The Trump administration and the Pentagon have repeatedly warned that China and Russia are expanding their influence across Africa, where the two longtime American adversaries “interfere with U.S. military operations and pose a significant threat to U.S. national security interests,” national security adviser John Bolton said last December.
That view was echoed by the former head of U.S. Africa Command, Marine Corps Gen. Thomas Waldhauser, who left the job last month, and his replacement, Stephen Townsend, both of whom testified publicly before Congress earlier this year. But the two generals went further in written responses to Congress obtained by The Intercept via the Freedom of Information Act, describing an Africa ever more likely to fall under the sway of Beijing and Moscow — with Russia exerting influence in as many as 10 different African countries and China likely to open more bases across the continent.
Beijing and Moscow have steadily increased their economic ties across Africa and, with them, their diplomatic sway. Trade between China and Africa has risen from $765 million to more than $170 billion in the last 40 years, and 39 of 54 African nations have now signed on to Beijing’s Belt and Road Initiative – a trillion-dollar plan to link infrastructure and trade via a vast new network of roads, rail lines, ports, and pipelines across Eurasia, the Middle East, and Africa. Russia’s trade with Africa increased from $5.7 billion in 2009 to $17.4 billion in 2017, and the country has been aggressively promoting nuclear infrastructure and technology partnerships as well as oil and gas investments there.
Both nations have also aimed to increase their cultural influence. The number of Chinese-government-sponsored Confucius Institutes in Africa, which promote Chinese language and culture, have risen from zero in 2004 to 48 last year, according to data compiled by Development Reimagined, a Beijing-based international consulting firm. AFRICOM documents note that these centers are located in 20 different African countries. The Russian equivalent, Russkiy Mir Foundation, a nongovernmental and nonprofit organization, is active in nine African countries, according to AFRICOM.
Russia and China have also been forging stronger military ties with African nations through arms sales, security agreements, and military training programs. Russian private military companies are active in 15 African nations, according to AFRICOM.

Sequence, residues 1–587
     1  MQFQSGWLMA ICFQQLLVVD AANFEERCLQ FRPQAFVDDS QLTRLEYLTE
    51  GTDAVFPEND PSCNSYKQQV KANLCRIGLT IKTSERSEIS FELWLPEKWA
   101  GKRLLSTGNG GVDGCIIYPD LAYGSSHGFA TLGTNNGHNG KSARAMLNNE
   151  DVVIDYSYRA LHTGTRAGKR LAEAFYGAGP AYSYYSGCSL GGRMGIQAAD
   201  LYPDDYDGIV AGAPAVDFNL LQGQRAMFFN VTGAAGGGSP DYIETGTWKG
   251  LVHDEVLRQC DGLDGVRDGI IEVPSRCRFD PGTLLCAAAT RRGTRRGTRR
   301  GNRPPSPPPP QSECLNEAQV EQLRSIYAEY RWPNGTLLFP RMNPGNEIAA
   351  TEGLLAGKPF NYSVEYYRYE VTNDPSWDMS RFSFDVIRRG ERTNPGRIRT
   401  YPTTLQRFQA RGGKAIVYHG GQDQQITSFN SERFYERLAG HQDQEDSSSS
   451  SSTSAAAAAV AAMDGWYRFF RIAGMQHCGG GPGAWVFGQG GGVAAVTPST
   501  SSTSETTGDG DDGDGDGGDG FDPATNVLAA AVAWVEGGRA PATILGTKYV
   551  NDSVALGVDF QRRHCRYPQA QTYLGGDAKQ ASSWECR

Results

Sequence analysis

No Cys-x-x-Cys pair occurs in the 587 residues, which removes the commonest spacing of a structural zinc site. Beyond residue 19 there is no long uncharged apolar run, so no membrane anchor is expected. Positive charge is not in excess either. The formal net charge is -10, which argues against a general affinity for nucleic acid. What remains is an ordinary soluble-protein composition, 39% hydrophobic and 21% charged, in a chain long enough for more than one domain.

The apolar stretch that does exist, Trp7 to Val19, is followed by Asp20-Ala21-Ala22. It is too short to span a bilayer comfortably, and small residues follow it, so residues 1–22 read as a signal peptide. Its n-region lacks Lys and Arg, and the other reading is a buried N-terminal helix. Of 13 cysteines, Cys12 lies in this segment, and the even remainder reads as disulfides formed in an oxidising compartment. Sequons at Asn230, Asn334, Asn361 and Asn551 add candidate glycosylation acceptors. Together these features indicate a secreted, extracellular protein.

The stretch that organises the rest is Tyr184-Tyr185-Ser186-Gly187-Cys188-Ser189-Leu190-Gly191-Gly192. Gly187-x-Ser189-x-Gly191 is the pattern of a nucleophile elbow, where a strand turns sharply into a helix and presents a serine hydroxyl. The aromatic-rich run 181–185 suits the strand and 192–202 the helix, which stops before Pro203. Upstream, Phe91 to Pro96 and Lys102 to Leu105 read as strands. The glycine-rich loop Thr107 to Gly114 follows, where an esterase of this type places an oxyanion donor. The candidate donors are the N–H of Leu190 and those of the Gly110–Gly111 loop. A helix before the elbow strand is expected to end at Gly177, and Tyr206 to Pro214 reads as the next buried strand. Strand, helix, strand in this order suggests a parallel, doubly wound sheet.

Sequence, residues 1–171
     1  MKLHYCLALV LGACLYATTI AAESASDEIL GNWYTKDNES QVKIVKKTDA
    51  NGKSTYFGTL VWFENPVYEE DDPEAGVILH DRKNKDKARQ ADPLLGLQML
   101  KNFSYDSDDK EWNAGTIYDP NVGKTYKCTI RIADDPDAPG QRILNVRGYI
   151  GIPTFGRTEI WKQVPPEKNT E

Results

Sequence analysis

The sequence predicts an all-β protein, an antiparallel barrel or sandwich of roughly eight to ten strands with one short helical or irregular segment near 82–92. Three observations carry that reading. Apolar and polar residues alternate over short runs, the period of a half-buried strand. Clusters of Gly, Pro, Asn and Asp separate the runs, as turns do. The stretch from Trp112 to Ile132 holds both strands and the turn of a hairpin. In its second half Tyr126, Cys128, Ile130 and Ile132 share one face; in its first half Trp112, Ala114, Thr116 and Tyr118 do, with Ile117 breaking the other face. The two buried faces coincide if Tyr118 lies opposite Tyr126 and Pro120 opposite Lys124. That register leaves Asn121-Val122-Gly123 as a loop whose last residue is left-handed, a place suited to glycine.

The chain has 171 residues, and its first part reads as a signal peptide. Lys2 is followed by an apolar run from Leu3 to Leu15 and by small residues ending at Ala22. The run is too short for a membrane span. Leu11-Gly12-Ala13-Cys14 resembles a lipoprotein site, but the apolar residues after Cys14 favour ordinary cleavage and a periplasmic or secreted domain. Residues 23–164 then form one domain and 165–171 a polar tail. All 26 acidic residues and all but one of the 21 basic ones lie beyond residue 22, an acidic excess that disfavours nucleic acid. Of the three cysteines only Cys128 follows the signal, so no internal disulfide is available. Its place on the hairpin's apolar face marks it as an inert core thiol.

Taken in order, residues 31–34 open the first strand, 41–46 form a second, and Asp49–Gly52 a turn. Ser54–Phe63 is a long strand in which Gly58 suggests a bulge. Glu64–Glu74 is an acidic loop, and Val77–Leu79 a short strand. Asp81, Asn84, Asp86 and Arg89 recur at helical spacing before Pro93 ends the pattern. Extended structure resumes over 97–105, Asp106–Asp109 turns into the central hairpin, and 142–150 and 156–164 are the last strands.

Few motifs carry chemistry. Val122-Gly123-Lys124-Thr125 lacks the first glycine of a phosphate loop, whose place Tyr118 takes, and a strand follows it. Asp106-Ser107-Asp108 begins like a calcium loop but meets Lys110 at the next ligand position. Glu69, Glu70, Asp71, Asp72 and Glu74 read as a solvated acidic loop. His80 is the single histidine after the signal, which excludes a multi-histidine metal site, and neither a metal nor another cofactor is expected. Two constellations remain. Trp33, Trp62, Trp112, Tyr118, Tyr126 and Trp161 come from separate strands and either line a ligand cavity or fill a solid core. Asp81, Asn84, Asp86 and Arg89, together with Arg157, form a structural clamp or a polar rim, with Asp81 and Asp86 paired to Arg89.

Last month, Beijing hosted the first China-Africa Peace and Security Forum, which brought together nearly 100 security officials from 50 African countries and the African Union, including 15 defense ministers and chiefs of general staff, according to China’s Ministry of Defense. While that gathering was underway, the Russian news agency Tass announced that roughly 35 African leaders had confirmed their attendance at the first Russia-Africa Summit – co-chaired by Russian President Vladimir Putin and Egyptian President Abdel-Fattah el-Sissi — set to be held in Russia’s Black Sea resort city of Sochi in October.
In his testimony before the Senate Armed Services Committee, Waldhauser mostly focused on Russia’s increasing inroads in Central African Republic and, to a lesser extent, Algeria, Libya, and Sudan. But in his written responses, Waldhauser mentioned six other nations that were also involved with Russia or susceptible to its influence including Angola, Guinea, Guinea-Bissau, Mali, Mauritania, and Tunisia. Russia is leveraging or seeking to leverage military aid in return for mining rights and energy partnerships, according to Waldhauser. “To thwart Russian exploitative efforts, USAFRICOM continues to work with a host of partners to be the military partner of choice in Africa,” he wrote.
In the Central African Republic, “Russia has bolstered its influence with increased military cooperation including donations of arms, with which it has gained access to markets and mineral extraction rights,” Waldhauser explained in his public testimony. “With minimal investment, Russia leverages private military contractors, such as the Wagner Group.” He noted that the president of the Central African Republic, Faustin-Archange Touadéra, had recently installed “a Russian civilian as his National Security Advisor. The President also promised the armed forces would be deployed nationwide to return peace to the country by forces likely trained, equipped, and in some cases, accompanied by Russian military contractors. Russia’s ability to import harsh security practices, in a region already marred by threats to security, while systematically extracting minerals, is concerning.”